Launch Team P.1: Building a Launch Team is Priority One
There are hundreds of tasks to complete when planting a church. Recently a planter told me, “I got so much done today, but then I looked at how much I had left and felt like I was eating the proverbial elephant.” Toward the end of the conversation I asked how many people were on his launch team. He replied, the same as last month. I need to get some people around me.
I have seen church planters start churches with many of the “tasks” incomplete. I’ve seen churches start with limited budgets, borrowed and begged for equipment, no staff, and even heard of a church that started in a park because they had no facility. Many of these churches overcome these obstacles and become a healthy congregation. However, I’ve never seen a church start without people. A church planter’s worst nightmare is opening Sunday arrives and the only people in the congregation are his spouse, 2 kids and mom.
Priority one for the church planter is to build and develop a launch team. So what constitutes a launch team? A launch team, is a group of people committed to helping start the church. These are not attendees or pew sitters. Warm bodies do not count. The best way to tell if someone is on the launch team is to ask yourself what area of service they are responsible for. If the answer is none, they are not on the launch team. This definition does not exclude non-Christians. You should encourage non-Christians to join the team. They will likely join the team not because of their love for the church, but because of their friendship with you. I’m often asked, do kids count? My answer is no. They need to be people who can fill a ministry role. At times you will have high caliber teens who will be able to assist in key ministry roles, but even though your kids will be moving chairs and preparing communion, I wouldn’t count them. Note: You don’t have to tell the kids that. In fact, I’d give them all titles and let them have responsibility as well. Just realize that they are kids.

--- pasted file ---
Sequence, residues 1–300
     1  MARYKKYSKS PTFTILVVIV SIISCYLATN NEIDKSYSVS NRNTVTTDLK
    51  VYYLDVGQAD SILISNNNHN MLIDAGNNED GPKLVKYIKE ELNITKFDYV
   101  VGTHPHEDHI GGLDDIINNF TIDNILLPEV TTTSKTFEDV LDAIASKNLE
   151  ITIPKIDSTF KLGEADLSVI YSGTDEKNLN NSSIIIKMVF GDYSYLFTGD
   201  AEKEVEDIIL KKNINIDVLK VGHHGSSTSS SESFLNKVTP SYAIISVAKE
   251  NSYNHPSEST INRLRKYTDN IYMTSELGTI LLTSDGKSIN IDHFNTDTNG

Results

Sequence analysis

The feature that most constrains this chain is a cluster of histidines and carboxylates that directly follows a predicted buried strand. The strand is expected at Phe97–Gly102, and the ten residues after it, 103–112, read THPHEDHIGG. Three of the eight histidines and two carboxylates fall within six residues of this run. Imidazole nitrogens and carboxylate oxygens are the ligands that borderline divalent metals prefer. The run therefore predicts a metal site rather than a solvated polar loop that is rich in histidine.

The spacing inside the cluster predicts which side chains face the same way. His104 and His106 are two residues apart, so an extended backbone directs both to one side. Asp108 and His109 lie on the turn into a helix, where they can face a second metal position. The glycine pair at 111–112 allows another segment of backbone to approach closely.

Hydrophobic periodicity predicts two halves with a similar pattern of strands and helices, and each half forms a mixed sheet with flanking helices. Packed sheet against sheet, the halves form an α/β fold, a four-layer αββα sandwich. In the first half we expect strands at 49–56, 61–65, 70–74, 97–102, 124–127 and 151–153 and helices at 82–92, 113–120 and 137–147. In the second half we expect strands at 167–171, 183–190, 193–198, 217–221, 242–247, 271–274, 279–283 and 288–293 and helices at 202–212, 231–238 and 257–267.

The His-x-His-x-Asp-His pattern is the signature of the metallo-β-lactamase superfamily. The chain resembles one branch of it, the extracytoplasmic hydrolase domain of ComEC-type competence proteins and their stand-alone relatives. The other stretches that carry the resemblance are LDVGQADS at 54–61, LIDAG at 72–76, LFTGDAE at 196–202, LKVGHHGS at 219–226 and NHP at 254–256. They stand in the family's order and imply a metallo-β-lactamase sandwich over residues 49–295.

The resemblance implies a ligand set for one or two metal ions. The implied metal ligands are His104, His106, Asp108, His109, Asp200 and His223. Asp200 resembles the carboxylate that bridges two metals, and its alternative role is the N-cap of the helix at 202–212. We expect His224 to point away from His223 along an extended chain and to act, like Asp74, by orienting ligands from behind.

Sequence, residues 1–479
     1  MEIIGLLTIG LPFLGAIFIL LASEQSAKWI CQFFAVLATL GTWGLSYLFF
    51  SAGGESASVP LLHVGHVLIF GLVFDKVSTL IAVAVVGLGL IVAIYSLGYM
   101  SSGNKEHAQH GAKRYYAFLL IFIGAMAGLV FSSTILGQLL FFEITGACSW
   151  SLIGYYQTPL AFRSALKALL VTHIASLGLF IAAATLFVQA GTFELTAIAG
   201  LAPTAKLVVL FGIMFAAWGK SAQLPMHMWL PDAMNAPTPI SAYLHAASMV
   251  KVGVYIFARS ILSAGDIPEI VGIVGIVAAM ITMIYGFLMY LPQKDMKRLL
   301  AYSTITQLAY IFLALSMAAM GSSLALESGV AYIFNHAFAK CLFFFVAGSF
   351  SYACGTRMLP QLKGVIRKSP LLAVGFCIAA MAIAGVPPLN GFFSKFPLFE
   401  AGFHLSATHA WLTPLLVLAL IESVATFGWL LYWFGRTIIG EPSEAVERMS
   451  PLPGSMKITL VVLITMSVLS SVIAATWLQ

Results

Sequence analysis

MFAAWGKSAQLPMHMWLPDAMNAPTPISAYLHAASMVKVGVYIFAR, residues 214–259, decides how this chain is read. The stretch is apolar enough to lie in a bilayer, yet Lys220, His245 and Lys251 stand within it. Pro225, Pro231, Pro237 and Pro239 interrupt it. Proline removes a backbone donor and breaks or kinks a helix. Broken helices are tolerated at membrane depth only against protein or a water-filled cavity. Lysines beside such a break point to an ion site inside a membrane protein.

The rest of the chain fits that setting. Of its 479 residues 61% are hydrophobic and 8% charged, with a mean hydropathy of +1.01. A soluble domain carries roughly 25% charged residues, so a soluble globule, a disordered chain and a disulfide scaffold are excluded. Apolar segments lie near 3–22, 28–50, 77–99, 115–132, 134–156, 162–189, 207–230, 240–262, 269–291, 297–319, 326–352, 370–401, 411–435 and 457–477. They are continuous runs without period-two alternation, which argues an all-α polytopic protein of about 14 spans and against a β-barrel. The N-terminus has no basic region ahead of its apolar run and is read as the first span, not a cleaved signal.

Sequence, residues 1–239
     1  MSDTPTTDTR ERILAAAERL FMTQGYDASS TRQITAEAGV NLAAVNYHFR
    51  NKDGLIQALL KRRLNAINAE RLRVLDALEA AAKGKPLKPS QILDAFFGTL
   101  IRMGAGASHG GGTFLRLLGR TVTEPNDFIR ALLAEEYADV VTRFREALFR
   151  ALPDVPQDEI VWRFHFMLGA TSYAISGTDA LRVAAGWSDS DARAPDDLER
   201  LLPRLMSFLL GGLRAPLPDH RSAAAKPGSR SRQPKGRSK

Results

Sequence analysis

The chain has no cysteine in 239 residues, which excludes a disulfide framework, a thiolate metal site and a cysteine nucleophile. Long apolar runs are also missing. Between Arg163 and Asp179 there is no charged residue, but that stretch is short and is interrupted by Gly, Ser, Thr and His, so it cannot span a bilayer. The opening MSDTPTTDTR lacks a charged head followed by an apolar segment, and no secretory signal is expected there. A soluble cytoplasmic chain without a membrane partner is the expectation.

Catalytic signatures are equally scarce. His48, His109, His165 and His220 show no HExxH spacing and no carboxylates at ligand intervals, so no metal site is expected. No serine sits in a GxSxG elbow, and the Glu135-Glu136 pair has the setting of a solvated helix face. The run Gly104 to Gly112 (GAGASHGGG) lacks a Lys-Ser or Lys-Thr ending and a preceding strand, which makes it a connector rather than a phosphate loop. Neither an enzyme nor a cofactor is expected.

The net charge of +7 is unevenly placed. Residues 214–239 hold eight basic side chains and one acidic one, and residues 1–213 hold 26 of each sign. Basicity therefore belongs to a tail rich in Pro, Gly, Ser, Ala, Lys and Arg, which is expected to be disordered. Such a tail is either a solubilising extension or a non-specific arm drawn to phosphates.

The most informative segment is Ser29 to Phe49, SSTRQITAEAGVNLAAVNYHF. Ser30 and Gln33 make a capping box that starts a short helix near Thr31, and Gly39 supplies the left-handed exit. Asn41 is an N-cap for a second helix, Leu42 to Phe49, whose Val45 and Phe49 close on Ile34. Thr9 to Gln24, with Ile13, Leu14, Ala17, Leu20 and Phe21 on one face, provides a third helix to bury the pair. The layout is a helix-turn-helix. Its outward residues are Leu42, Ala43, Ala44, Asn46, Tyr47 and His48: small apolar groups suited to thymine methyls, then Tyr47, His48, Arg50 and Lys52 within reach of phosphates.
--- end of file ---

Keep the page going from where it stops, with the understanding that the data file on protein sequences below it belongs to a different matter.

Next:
Launch teams also have a definitive end. The purpose of the team is to start the church. Once that mission is complete, it is important for the team to disband. Otherwise, you quickly create an insider culture within the new church. I encourage church planters to set a time limit of approximately six months after opening Sunday. This let’s them know when they job is complete. Some of your launch team will come from other churches and this will let them know when its ok for them to return to their congregation. For non-Christians, it let’s them know when they can start sleeping in again on Sundays. Remember that many of them will come out of a relationship with you or someone else on the launch team. The ideal is that during the time they serve, they will come to know Jesus. But, if they do not, release them at the end of their commitment. Don’t guilt them into staying or you will damage the relationship.
I’ll continue this conversation on launch teams with a series of posts over the next couple of weeks. Here what’s coming: